The term fundamental option became popular in the 1960s. It represented an attempt to describe the basic orientation of one's moral life as a continuous process with a definite moral direction rather than as a sequence of discrete, unconnected actions. Particular acts are seen as expressing and modifying the fundamental option, confirming and developing it or diminishing and ultimately reversing it.
Existentialist and personalist analyses, combined with dynamic psychological insights, alerted theologians to the inadequacy of any atomistic picture of human actions, good or bad, into which the theological manuals had drifted. Thus the emphasis was shifted from the particular action to the living subject as the bearer of morality. The notion of a fundamental option has roots in several strata of the Christian tradition: in the prophet Jeremiah the new covenant is said to be written in the hearts of men; the New Testament insists on the interior dimension of morality; Paul frequently insists upon the centrality of a total conversion in expressions such as "life in Christ"; and also in Thomas Aquinas's discussion of the new law (Summa theologiae 1–2, 106). Within this Christian perspective, grace and sin are regarded as states of existence—the result of a fundamental option.
On the level of moral analysis, discussion of the "first moral act" (Summa theologiae 1–2, 89, 5) has led to the recognition of a person's overall commitment through his actions, so that further actions expressed and reinforced or contradicted and weakened that commitment. To understand such a commitment it may be better to consider it as gradually gathering momentum through the responses of the agent. Depending upon whether the acts are predominantly other-centered or self-centered, the person is characteristically ordered toward an altruistic or selfish life-stance. In the Christian context of love of neighbor involving love of God, the predominantly other-centered person will also be open to the Absolute other and hence in the state of grace; the predominantly self-centered person will be closed to God and hence in sin. A transition from one state to the other through conversion or mortal sin will not occur easily, but will remain an actual possibility through some serious involvement of the agent and frequently as the climax of a process. Thus the term "fundamental option" has a definite value when describing the basis of one's overall commitment, although the actual state itself is better described as a basic orientation, thereby avoiding any implications of unique dramatic choice—an experience quite foreign to most people's moral lives.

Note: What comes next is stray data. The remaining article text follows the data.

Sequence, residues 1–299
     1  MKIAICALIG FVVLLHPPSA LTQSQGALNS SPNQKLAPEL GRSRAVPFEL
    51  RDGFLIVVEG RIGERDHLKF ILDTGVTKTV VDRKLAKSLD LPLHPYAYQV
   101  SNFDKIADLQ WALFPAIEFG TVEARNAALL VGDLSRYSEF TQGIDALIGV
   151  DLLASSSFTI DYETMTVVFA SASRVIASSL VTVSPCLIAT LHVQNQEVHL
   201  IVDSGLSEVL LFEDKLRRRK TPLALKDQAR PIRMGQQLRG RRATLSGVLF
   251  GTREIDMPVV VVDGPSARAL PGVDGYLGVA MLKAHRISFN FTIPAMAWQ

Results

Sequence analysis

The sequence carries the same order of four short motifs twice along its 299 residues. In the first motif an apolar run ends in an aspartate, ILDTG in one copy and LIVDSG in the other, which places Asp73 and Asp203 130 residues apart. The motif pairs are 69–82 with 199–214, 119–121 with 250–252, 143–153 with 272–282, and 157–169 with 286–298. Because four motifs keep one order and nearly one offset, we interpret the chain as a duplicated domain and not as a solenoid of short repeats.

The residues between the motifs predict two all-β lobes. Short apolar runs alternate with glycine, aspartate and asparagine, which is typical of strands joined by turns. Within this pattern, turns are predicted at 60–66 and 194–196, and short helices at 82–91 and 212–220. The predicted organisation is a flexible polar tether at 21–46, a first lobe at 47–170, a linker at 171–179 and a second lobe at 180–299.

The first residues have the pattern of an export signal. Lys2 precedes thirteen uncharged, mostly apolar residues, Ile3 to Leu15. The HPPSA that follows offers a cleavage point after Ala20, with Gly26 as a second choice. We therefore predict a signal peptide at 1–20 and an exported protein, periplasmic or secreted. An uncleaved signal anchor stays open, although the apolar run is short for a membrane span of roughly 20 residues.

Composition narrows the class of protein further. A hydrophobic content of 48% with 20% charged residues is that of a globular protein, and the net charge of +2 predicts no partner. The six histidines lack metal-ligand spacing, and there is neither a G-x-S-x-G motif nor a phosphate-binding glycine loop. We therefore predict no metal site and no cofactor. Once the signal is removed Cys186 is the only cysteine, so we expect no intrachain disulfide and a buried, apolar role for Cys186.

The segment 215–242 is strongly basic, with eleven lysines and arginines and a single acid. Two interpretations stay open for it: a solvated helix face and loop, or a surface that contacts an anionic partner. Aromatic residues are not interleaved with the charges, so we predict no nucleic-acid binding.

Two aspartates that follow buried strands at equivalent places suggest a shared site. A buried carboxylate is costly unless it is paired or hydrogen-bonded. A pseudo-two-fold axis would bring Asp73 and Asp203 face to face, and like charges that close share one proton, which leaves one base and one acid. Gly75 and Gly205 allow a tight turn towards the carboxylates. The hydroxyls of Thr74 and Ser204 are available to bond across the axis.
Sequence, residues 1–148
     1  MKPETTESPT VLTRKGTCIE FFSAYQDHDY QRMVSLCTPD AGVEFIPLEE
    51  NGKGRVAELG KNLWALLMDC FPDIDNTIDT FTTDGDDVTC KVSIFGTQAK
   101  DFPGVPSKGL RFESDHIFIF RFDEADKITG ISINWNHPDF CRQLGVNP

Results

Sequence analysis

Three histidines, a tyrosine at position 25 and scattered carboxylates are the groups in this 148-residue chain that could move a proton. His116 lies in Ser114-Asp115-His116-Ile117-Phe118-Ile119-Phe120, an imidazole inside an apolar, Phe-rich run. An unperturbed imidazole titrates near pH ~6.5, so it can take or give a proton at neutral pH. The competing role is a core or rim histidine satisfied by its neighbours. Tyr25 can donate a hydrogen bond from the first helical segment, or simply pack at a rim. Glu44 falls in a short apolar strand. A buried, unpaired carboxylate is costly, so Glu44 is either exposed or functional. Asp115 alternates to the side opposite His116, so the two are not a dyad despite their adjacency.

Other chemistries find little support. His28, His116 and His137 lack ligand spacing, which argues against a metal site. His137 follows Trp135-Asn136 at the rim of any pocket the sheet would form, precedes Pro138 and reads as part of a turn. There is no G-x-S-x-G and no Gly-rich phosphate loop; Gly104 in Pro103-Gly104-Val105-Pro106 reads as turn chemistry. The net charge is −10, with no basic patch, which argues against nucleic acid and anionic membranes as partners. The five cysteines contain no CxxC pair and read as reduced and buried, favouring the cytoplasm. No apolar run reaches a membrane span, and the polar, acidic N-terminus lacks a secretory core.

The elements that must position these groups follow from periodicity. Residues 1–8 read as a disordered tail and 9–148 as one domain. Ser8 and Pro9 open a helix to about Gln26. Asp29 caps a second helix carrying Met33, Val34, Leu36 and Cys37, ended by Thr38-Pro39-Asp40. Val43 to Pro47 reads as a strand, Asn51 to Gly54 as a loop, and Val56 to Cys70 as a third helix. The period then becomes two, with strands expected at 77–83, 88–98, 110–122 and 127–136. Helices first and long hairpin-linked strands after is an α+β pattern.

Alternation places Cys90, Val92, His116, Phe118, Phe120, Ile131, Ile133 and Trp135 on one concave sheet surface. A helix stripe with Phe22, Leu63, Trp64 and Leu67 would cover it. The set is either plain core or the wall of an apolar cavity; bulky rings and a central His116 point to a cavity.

The term appears in Church documents. The Declaration on Certain Questions Concerning Sexual Ethics issued by the Sacred Congregation for the Doctrine of the Faith (1975) and Pope John Paul II's encyclical Veritatis splendor adopt the concept of fundamental option but link it more closely to particular acts. They insist that mortally sinful acts, done with full knowledge and consent, constitute a turning away from God and, thereby, imply the exercise of a fundamental option.
Bibliography: e. j. cooper, "The Notion of Sin in Light of the Fundamental Option: The Fundamental Option Revisited.," Louvain Studies 9 (1983) 363–382. j. fuchs, "Basic Freedom and Morality" Human Values and Christian Morality (Dublin 1970). e. mcdonagh "The Moral Subject," The Irish Theological Quarterly 39 (January 1972) 3–23. l. monden, Sin, Liberty and Law (New York 1965). k. rahner, "The Commandment of Love in Relation to the other Commandments," Theological Investigations 5 (Baltimore 1966) 439–460; "Theology of Freedom" and "Reflections on the Unity of the Love of Neighbour and Love of God," Theological Investigations 6 (Baltimore 1969) 178–196, 231–252. h. reiners, Grundintention und Sittliches Tun (Freiburg 1966).
"Fundamental Option." New Catholic Encyclopedia. . Encyclopedia.com. (January 18, 2019). https://www.encyclopedia.com/religion/encyclopedias-almanacs-transcripts-and-maps/fundamental-option
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